Parenting Styles and Research on Authoritative Parenting – Part 3

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Before World War II, most parents used the Authoritarian Parenting Style. After World War II after all of the terrible things that happened, people asked how else they could treat people of different religions and countries of origin. People then began to ask how else they could treat senior citizens and people with disabilities or differing abilities.

Then, people began to ask how else they could treat children. People decided to do the opposite of the Authoritarian Parenting Style which is the more Permissive or Indulgent Parenting Style. After a generation or so of some children being raised with the Permissive Parenting Style, it turns out that that approach does not yield the best results for children.

After much thought and consideration, parents began using the approach that is in between the Authoritarian and the Permissive Parenting Style. This place in the middle is known as the Authoritative Parenting Style. It is also known as the Democratic approach and the Positive Parenting approach. Research now shows that this middle approach yields the best outcomes for children. The links to the research supporting that approach are at the bottom of this blog post.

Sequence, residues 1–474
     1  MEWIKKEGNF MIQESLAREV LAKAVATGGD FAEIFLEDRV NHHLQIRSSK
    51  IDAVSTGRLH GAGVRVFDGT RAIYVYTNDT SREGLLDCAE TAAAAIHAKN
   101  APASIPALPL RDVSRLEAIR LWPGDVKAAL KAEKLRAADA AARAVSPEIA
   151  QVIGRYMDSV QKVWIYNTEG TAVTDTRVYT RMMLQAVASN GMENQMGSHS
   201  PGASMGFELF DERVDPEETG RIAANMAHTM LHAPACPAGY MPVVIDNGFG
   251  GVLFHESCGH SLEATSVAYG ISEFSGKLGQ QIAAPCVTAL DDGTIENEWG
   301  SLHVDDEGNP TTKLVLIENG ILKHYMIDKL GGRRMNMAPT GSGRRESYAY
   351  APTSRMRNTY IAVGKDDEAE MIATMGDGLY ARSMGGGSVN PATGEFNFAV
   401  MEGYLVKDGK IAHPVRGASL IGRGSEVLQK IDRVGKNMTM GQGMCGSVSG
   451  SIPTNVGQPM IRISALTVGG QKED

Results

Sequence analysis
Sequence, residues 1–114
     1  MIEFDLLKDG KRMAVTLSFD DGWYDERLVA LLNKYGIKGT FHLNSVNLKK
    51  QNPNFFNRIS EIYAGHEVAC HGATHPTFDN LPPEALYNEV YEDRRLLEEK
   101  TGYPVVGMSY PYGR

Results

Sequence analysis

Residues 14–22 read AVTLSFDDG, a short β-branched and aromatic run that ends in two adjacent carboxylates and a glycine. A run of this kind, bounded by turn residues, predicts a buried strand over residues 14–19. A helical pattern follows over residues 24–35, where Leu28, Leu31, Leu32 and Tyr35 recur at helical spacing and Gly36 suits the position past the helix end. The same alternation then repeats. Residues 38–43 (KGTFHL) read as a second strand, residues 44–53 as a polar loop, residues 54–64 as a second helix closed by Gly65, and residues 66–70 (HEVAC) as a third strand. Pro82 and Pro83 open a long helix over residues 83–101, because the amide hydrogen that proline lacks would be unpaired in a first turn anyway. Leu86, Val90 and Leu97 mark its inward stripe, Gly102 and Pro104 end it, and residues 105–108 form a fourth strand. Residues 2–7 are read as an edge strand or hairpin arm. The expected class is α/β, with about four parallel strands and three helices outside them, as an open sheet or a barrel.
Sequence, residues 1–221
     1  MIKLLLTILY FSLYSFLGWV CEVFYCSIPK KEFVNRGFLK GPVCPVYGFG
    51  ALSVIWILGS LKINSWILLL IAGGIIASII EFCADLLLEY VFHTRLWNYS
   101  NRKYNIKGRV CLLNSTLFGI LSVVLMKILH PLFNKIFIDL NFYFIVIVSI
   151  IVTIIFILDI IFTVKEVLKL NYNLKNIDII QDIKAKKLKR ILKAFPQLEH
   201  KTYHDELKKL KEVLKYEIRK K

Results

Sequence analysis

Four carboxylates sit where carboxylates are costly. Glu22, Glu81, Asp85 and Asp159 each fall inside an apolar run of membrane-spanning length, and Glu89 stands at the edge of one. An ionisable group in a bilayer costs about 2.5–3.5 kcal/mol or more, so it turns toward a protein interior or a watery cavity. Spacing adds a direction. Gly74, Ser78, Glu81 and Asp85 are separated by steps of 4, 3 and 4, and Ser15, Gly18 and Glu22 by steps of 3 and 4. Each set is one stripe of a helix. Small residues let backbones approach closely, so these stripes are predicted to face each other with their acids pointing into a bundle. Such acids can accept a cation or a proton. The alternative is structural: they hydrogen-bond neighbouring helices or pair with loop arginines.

What makes parenting style so important to discuss is that many of today’s parents were not raised with the Authoritative Parenting Style. So many of us do not have an Authoritative Parenting Style model/”blueprint” inside of us to use in raising the next generation of children . In my view, learning about the Authoritative parenting approach is the first step for those parents who are seeking better parenting tools and an improved relationship with their children.

I do have one advisement: Even parents who are wanting to use the Authoritative Parenting Style, may find themselves not being able to hold firm to this approach during times of stress. It is not uncommon for parents to revert back to the familiar: either the Authoritarian or the Permissive Parenting Style when time is short, there is too much to do, you have had too little sleep, etc. This can happen to even the most conscientious parent.

How Do We Parent?

“Parental Warmth: parental responsiveness and affection toward the child(ren)

Parental Control: how demanding or restrictive parents are toward their child(ren)”


From: 2009 University of Minnesota Extension

“Five Criteria for Positive Discipline:

  1. Helps children feel a sense of connection: Belonging and significance.
  2. Is mutually respectful and encouraging: Kind and firm at the same time.
  3. Is effective long-term: Considers what the child is thinking, feeling, learning, and deciding about himself and his world – and what to do in the future to survive or to thrive.
  4. Teaches important social and life skills: Respect, concern for others, problem solving, and cooperation as well as the skills to contribute to the home, school or larger community.
  5. Invites children to discover how capable they are: Encourages the constructive use of personal power and autonomy.”

From Positive Discipline by Jane Nelson

Research Supporting the Authoritative Parenting Style/Positive Parenting




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